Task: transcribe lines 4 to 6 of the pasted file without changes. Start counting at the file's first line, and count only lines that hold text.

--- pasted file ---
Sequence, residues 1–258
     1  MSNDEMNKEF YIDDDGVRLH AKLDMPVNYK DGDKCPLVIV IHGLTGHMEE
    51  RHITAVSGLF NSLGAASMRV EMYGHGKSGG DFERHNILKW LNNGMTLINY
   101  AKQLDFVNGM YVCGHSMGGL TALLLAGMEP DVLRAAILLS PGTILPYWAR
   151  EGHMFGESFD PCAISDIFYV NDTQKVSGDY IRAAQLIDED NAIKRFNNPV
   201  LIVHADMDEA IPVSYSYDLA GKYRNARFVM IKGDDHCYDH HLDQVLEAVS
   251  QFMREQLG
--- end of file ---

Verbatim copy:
   101  AKQLDFVNGM YVCGHSMGGL TALLLAGMEP DVLRAAILLS PGTILPYWAR
   151  EGHMFGESFD PCAISDIFYV NDTQKVSGDY IRAAQLIDED NAIKRFNNPV
   201  LIVHADMDEA IPVSYSYDLA GKYRNARFVM IKGDDHCYDH HLDQVLEAVS